Green Goddess: 4 Naturally Beautiful Bouquets
Bouquets loaded with greenery are leading the way down the aisle. These bountiful florals create the feeling that the bride gathered the blooms from a field of flowers. And while oversize bouquets are trending, keep in mind they require heavy lifting and can hide your beautiful bridal gown. Smaller bouquets have just as much of an impact with their delicate beauty and subtle details. Whether a bouquet is petite or grand, go for lush and green with an organic vibe.
(above) Wink! Weddings’ Layne Kula designed a romantic Indian summer celebration for Gabrielle and Diwan’s wedding at Whispering Rose Ranch in Solvang. Florist Hollyflora captured this essence with a lush, textured and airy bouquet composed of white and ivory blooms with accents of silvery blue and gray brought by thistle and eucalyptus. “Nothing beats organic olive branches and free-flowing silk ribbon for a gorgeous and relaxed feel,” says Kula.
Photo: Miki and Sonja Photography
(above) Kristin Banta Events designed an urban garden for Kim and Mike’s wedding at Los Angeles’ Vibiana that was filled with green botanicals, moss and overgrown trees. The textured and dainty bridal bouquet created by Krista Jon for Archive included ferns, fig leaves and succulents, with subtle hints of plum.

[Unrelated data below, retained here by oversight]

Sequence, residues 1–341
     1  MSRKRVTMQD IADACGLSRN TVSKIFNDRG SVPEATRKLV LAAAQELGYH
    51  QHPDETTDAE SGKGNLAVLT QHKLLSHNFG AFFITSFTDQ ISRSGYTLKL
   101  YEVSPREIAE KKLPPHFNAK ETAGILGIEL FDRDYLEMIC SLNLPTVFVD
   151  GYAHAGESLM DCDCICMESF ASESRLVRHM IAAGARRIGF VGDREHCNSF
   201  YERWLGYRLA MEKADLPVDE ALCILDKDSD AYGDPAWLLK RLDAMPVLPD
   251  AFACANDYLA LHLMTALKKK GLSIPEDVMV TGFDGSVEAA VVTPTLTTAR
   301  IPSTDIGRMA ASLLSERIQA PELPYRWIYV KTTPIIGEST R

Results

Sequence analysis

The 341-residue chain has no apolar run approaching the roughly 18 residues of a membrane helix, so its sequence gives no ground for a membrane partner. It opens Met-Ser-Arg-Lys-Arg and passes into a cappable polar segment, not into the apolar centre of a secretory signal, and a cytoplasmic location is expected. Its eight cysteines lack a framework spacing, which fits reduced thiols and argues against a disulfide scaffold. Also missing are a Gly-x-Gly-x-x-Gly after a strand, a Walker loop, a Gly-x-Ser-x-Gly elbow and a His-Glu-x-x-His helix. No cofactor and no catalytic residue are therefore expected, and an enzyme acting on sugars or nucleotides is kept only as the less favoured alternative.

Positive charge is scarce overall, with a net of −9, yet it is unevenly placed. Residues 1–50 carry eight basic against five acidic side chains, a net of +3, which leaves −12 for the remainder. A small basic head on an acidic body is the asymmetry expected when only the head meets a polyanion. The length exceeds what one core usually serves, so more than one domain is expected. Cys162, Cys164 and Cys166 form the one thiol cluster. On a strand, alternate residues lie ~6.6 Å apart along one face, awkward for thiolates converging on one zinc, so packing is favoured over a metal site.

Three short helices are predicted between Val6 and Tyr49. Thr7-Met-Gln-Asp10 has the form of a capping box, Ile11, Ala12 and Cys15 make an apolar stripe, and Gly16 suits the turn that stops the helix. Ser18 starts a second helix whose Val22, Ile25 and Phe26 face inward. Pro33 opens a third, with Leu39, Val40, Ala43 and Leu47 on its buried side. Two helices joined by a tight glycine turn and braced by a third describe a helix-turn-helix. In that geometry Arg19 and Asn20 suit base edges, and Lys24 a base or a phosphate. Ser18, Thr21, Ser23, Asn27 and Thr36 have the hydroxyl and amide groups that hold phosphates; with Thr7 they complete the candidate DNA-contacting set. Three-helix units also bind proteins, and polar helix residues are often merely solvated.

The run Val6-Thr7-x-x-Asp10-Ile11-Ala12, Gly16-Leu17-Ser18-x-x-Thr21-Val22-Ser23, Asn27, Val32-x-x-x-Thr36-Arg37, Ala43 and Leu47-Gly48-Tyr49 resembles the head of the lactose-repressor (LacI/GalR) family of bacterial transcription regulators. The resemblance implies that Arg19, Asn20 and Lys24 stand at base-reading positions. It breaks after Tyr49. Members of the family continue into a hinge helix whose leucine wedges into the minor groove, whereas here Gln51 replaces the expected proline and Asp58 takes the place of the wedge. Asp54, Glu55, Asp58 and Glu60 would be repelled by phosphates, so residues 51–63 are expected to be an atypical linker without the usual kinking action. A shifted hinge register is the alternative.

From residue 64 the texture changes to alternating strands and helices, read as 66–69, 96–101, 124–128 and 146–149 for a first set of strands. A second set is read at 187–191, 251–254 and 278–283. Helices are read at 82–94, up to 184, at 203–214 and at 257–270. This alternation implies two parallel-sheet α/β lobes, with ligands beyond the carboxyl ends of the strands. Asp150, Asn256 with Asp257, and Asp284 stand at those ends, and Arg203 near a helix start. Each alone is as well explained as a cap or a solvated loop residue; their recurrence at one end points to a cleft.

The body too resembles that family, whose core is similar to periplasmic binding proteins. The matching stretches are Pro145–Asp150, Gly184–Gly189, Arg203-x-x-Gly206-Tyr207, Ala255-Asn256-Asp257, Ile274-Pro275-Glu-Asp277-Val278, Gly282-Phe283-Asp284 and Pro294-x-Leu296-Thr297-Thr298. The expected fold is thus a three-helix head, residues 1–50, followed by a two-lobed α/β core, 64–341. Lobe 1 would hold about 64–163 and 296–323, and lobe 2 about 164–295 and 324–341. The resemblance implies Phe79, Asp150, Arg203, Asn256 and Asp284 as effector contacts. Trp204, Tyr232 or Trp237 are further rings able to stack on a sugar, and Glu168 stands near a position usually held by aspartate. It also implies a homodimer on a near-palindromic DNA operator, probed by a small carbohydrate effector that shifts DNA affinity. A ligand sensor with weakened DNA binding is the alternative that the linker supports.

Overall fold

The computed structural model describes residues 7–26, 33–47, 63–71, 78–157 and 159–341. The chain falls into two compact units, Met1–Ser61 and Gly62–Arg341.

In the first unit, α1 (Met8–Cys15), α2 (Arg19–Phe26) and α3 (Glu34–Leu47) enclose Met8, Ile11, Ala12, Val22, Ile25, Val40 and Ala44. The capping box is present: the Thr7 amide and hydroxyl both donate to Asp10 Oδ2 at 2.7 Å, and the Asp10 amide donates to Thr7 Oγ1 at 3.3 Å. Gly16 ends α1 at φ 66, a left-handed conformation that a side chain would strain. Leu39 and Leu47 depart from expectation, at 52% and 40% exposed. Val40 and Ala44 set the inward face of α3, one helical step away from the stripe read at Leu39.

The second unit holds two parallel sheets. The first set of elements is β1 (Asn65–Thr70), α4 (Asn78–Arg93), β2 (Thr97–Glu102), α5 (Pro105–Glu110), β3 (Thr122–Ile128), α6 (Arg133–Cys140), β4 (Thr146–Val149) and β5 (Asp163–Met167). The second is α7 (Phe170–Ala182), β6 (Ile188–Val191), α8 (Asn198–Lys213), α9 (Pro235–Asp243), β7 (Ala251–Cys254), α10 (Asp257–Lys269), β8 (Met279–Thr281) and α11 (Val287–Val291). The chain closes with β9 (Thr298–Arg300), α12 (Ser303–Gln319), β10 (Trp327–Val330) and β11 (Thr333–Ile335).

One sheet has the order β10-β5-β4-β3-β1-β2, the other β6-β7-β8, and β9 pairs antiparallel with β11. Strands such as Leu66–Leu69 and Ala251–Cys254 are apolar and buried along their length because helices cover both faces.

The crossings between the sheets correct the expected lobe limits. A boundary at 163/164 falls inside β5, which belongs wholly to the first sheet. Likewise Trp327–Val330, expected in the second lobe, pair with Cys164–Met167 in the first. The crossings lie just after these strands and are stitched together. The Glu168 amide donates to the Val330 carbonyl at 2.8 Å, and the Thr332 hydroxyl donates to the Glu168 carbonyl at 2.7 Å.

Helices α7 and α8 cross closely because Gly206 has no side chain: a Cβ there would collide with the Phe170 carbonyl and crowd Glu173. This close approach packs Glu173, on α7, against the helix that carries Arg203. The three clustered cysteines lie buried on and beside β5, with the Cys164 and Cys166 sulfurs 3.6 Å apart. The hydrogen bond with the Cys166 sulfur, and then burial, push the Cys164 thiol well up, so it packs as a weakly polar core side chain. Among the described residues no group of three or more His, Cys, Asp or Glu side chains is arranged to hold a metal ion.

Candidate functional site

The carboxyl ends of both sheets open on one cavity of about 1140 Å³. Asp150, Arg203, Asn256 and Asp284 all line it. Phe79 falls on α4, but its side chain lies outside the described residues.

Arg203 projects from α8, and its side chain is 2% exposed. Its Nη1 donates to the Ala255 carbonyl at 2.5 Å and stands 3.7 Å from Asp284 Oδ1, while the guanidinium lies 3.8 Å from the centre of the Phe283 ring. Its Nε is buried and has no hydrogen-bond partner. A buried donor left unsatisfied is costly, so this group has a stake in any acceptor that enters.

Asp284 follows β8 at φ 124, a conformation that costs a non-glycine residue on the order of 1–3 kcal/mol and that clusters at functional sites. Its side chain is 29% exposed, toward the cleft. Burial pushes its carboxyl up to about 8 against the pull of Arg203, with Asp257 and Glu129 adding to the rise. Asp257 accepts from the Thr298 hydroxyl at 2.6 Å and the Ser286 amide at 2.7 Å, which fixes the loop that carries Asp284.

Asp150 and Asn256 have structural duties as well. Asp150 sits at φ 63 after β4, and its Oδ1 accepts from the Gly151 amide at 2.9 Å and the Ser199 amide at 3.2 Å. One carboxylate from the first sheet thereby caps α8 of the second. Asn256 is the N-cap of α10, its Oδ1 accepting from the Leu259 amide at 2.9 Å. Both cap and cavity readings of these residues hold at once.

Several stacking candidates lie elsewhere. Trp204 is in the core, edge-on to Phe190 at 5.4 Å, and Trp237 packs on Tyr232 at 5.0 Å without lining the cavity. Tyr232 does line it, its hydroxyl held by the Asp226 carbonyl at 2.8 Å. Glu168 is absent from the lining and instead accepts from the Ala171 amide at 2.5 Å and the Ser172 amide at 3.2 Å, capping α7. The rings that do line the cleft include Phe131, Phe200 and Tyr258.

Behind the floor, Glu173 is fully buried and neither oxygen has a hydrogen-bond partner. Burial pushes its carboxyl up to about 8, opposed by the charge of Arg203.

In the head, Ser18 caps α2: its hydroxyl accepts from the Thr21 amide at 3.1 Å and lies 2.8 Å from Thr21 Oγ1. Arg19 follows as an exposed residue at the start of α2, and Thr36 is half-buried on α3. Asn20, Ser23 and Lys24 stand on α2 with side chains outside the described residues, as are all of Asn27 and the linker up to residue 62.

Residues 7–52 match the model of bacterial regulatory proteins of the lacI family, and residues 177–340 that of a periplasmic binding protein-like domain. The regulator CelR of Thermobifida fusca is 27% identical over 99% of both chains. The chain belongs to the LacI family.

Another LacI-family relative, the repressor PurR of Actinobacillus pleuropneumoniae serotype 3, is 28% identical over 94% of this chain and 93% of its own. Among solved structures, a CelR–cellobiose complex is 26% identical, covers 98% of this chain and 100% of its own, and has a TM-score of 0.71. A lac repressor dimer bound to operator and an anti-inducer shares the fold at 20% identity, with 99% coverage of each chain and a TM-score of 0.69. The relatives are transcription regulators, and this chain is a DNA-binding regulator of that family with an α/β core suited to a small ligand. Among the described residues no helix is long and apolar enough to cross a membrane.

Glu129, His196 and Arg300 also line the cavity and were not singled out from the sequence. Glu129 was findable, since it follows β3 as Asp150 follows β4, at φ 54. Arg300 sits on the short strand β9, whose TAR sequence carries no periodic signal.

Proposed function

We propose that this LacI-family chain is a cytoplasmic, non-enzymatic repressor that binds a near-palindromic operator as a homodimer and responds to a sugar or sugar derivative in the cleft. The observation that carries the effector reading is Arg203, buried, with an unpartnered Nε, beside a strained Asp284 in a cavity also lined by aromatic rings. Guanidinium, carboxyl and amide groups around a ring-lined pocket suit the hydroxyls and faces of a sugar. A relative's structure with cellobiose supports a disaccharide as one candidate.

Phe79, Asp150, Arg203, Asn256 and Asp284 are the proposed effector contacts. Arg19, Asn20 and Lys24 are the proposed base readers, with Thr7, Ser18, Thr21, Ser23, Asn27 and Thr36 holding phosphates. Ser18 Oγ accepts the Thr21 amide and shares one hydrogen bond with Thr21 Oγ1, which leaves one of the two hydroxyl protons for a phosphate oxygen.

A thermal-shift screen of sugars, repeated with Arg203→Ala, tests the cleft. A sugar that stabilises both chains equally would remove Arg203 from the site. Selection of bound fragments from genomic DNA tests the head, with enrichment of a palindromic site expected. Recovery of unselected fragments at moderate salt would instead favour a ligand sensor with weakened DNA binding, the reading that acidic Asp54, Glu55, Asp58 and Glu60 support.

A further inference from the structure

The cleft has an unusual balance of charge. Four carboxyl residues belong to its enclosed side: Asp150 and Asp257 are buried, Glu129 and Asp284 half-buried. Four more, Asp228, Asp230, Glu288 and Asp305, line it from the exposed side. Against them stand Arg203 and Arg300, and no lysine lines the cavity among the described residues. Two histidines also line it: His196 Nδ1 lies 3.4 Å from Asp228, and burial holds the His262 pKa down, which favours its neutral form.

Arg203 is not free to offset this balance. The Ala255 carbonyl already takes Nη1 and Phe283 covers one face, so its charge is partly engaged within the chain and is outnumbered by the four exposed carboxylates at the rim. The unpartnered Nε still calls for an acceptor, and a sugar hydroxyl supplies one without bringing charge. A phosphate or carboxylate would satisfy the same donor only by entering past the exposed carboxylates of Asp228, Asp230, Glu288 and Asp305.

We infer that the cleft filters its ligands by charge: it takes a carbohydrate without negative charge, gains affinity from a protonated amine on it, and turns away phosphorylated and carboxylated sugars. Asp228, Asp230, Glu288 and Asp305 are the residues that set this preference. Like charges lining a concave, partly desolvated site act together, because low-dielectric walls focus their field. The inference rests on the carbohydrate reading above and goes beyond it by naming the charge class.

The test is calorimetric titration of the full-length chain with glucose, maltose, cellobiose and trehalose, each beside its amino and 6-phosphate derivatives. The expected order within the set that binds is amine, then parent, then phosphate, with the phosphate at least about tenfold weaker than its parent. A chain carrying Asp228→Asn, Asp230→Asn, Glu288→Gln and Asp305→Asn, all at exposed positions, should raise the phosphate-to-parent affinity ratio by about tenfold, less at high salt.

Photo: Alexandra Wallace
(above) For this bohemian-style photo shoot by Alexandra Wallace at the funky Goodland Hotel in Santa Barbara, Forage Florals opted for native varieties that included big berry manzanita, abutilon, magnolia, honeysuckle, oats and scented geranium. And true to the florist’s name, 100 percent of the florals were gathered from the grounds of its Santa Rita Hills ranch.
Photo: Chris Werner Photography
(above) Merrily Wed designed a Tuscany-meets-Tahoe wedding for Ali Genet and Robert Neumann at a private estate in Tahoe. Botanica Events captured this vibe with a delicate, nature-inspired bouquet boasting shades and textures of green foliage and flowers that included peonies, “Green Trick” dianthus, dusty miller, brake fern and hanging amaranthus.